Mexico's Subsidized Housing: Good Idea Turns Into Disaster

 @PReyMallen
on October 08 2013 5:37 AM

Stepping into La Trinidad suburb in the town of Zumpango, Mexico, is like entering a ghost world. Streets of identical rows of houses line up, but there is barely anyone walking around. La Trinidad is one of the Ciudades Bicentenario, a failed government project launched in 2007 to improve subsidized housing in the country.

La Trinidad was the first of five projected Ciudades Bicentenario, or Bicentennial Cities. (Mexico's War of Independence began in 1810.) Of the 73,400 units that were built, 29,300 are empty. And those that are still in use have turned into a place to run away from, or to resign to live in. Antonina López, one of the few inhabitants of La Trinidad, jokes when remembering the day she moved in. “It was so small, we thought we only had room for either the beds or us. How disappointing,” she told the Spanish newspaper El País.

Her neighbor, Silvia Martínez, agreed: “They made it look so good.” Martínez moved to La Trinidad hoping to leave something for her children to inherit. She moved from a shared house in Mexico City, with her husband and three sons, to an apartment that turned out to have just one room and a kitchen so narrow that only one person at a time fits in it.

Martínez bought the house with help from the Instituto del Fondo Nacional de la Vivienda para los Trabajadores (Institute of the National Fund for Workers' Homes, or Infonavit), which is the state-owned mortgage provider. Martínez calculated it will take her 15 years to pay off the loan of 600,000 pesos (approximately $45,800).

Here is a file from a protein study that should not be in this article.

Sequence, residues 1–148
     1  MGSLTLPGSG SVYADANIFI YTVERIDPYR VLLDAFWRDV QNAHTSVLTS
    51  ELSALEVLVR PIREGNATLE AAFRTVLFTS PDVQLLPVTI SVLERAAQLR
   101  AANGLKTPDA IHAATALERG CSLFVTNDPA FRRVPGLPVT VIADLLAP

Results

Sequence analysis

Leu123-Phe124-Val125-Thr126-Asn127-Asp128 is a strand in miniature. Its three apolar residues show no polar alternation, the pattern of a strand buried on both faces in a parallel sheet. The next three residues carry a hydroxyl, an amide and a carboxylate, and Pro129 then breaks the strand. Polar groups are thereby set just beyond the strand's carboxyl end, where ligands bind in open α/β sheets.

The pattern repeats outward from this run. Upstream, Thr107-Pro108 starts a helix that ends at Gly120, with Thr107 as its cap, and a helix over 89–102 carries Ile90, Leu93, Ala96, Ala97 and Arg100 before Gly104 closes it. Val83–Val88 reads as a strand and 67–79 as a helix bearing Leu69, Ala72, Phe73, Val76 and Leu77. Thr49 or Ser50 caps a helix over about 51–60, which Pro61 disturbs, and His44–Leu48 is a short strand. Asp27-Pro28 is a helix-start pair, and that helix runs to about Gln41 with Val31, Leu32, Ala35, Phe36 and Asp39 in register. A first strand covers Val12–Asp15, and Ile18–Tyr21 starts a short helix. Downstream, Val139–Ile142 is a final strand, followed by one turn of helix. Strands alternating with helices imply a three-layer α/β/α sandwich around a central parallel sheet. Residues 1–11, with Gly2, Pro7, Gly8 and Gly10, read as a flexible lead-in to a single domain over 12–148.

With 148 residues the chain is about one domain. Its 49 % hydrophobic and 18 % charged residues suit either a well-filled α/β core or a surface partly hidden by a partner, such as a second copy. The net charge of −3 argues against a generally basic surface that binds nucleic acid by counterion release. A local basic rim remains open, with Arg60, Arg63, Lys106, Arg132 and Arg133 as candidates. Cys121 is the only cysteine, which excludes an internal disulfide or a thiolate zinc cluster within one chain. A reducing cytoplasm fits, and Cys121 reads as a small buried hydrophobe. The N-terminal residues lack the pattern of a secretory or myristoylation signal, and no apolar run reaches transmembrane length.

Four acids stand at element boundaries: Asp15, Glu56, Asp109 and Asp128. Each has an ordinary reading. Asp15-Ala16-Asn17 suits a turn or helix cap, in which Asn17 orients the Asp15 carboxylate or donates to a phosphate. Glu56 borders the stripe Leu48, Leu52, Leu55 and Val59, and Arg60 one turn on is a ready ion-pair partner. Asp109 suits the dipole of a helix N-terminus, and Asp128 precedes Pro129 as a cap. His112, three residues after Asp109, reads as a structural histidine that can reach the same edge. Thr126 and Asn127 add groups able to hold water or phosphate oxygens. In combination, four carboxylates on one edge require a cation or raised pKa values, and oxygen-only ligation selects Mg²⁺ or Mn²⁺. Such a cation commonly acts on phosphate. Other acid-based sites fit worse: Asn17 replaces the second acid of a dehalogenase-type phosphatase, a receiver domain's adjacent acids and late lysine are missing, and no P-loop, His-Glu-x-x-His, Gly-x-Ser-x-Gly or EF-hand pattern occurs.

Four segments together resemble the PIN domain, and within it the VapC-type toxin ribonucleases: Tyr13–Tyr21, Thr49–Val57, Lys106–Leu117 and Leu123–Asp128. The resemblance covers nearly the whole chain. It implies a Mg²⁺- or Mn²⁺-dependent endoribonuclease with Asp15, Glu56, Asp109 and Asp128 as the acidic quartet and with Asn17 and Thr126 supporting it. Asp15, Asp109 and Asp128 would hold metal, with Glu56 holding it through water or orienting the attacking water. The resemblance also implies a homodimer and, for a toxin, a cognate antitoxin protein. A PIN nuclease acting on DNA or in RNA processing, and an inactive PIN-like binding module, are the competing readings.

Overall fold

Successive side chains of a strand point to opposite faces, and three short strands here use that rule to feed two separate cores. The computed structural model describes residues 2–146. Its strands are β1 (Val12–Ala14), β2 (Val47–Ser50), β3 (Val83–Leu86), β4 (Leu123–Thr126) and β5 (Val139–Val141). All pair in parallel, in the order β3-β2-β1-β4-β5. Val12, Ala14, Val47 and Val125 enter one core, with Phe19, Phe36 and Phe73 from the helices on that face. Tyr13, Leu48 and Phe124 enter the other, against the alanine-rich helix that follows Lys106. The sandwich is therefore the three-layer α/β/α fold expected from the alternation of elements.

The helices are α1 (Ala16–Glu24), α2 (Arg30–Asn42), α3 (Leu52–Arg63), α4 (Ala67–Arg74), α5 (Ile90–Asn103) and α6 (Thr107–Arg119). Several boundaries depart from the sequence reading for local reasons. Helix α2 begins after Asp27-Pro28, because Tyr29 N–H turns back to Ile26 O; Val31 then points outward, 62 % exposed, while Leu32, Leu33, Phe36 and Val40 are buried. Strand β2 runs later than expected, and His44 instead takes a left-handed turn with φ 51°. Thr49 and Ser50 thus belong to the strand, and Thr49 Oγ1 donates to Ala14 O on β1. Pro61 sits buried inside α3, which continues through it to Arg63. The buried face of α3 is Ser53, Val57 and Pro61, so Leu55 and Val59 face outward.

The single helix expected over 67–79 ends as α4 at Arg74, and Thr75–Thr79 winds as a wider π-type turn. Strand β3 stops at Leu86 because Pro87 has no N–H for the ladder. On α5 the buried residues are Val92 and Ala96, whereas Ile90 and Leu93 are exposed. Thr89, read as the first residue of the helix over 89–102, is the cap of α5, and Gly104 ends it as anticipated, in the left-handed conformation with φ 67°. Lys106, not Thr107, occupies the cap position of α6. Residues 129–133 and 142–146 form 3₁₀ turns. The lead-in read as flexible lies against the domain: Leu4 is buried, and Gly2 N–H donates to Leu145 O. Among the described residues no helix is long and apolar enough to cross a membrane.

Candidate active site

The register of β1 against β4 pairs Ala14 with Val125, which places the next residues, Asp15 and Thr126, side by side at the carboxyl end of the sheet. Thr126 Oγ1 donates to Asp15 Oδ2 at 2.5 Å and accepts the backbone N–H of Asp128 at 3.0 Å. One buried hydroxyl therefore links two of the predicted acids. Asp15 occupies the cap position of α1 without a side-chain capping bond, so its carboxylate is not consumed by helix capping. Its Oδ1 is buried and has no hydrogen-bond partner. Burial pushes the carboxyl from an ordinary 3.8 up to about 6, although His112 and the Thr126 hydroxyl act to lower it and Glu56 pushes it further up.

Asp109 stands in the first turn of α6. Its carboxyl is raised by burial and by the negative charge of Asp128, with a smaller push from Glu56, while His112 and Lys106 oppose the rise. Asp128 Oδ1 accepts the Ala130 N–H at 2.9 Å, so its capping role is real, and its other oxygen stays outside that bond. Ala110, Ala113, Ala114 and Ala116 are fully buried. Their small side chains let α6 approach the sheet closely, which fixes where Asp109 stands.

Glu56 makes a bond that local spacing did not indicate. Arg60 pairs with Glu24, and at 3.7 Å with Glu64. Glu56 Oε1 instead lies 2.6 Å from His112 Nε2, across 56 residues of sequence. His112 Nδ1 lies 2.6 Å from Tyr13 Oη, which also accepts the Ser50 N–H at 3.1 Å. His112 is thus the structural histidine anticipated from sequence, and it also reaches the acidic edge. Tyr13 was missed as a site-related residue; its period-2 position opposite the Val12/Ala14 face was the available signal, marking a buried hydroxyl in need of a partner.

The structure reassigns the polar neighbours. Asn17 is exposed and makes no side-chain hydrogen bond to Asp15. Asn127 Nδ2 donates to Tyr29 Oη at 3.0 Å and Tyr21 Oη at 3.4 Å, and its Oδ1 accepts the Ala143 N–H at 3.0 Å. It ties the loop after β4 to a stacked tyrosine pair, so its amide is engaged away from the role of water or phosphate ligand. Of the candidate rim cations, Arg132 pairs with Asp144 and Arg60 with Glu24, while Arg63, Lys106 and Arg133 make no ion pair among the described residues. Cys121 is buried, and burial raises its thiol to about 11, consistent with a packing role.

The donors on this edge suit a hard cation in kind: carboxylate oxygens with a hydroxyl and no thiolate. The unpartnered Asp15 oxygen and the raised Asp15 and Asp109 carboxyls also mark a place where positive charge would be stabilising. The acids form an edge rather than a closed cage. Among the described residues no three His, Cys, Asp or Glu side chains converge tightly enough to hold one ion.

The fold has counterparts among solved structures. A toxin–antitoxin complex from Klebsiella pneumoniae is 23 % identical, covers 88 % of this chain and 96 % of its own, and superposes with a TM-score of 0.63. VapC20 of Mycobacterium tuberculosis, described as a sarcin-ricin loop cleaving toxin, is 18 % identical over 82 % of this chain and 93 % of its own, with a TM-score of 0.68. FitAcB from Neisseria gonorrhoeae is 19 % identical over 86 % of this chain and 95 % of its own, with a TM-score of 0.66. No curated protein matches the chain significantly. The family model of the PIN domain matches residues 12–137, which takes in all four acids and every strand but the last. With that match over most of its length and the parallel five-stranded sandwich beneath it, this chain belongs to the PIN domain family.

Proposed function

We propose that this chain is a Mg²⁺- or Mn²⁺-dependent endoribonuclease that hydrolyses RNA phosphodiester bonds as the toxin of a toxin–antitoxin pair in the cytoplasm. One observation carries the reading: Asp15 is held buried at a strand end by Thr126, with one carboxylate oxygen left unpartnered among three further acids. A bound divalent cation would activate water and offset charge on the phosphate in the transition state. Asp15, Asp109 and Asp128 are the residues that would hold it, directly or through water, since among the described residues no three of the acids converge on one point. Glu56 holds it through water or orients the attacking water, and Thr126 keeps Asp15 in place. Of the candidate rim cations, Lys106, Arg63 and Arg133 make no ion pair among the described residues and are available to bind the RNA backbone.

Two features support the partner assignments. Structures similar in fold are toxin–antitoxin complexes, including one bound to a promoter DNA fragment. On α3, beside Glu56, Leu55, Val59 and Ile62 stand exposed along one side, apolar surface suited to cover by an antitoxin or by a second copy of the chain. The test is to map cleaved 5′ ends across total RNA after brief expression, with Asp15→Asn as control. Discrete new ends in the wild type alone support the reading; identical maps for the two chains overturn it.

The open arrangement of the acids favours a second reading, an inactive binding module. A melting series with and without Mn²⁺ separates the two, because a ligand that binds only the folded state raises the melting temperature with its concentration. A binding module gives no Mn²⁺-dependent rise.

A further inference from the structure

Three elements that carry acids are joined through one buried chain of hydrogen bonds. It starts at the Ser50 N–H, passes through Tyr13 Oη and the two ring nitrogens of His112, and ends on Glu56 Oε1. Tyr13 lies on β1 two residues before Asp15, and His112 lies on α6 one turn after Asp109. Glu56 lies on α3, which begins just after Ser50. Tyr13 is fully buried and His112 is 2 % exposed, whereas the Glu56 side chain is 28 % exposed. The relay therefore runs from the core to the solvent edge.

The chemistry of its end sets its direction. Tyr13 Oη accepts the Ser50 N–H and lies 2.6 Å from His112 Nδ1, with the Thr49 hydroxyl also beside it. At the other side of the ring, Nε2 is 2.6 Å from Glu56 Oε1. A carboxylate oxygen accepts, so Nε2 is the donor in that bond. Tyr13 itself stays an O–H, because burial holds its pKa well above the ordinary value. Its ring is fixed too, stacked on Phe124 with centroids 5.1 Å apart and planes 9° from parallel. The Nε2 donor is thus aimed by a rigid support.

The failure of Ciudades Bicentenario illustrates the housing problem in Mexico. In the whole country, there are 5 million unused housing units out of a total of 35.6 million, according to a report by Spanish bank BBVA (MCE:BBVA). Around 300,000 are considered “abandoned houses” by the Urban Development Ministry -- meaning that they are vacated, unpaid for, and in a deteriorated state.

In Martínez’s street, half the units are abandoned. Some have been broken into, and the sinks and doors have disappeared.

The biggest problem with La Trinidad, along with the rest of Ciudades Bicentenario, is distance. They were built where land was the cheapest, far away from city centers. “We call this model of town DDD: distant, dispersed and disconnected,” said Luis Zamorano of CTS Embarq, a Mexican NGO working with construction companies to build more accessible cities.

Architect Arturo Ortiz calls this model “anti-cities.” “These places are like islands in the middle of nowhere. There is nothing to do there, nothing to go out for,” he explained to architecture magazine Ensamble.

Mexican real estate is in deep crisis. The six biggest agencies have a collective debt of $2 billion, according to a June report by Standard and Poor’s. Government help is not forthcoming; President Enrique Peña Nieto’s administration has made it clear that it is not one of its priorities.

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